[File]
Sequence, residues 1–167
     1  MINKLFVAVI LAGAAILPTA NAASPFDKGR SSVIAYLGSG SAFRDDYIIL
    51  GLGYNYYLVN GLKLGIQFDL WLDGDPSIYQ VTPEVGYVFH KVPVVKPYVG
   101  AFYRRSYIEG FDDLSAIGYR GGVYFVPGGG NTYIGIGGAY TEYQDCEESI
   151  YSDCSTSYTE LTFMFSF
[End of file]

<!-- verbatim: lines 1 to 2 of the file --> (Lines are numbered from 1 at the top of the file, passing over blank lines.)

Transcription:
Sequence, residues 1–167
     1  MINKLFVAVI LAGAAILPTA NAASPFDKGR SSVIAYLGSG SAFRDDYIIL